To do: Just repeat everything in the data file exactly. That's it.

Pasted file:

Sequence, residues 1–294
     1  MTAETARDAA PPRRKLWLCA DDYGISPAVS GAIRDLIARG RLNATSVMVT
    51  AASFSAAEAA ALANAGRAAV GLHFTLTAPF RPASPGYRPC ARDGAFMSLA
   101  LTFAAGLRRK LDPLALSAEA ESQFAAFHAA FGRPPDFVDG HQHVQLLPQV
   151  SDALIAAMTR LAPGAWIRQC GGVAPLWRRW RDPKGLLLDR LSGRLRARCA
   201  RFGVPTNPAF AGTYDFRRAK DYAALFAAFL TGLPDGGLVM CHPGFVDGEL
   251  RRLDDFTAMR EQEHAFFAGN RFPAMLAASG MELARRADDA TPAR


Sequence, residues 1–294
     1  MTAETARDAA PPRRKLWLCA DDYGISPAVS GAIRDLIARG RLNATSVMVT
    51  AASFSAAEAA ALANAGRAAV GLHFTLTAPF RPASPGYRPC ARDGAFMSLA
   101  LTFAAGLRRK LDPLALSAEA ESQFAAFHAA FGRPPDFVDG HQHVQLLPQV
   151  SDALIAAMTR LAPGAWIRQC GGVAPLWRRW RDPKGLLLDR LSGRLRARCA
   201  RFGVPTNPAF AGTYDFRRAK DYAALFAAFL TGLPDGGLVM CHPGFVDGEL
   251  RRLDDFTAMR EQEHAFFAGN RFPAMLAASG MELARRADDA TPAR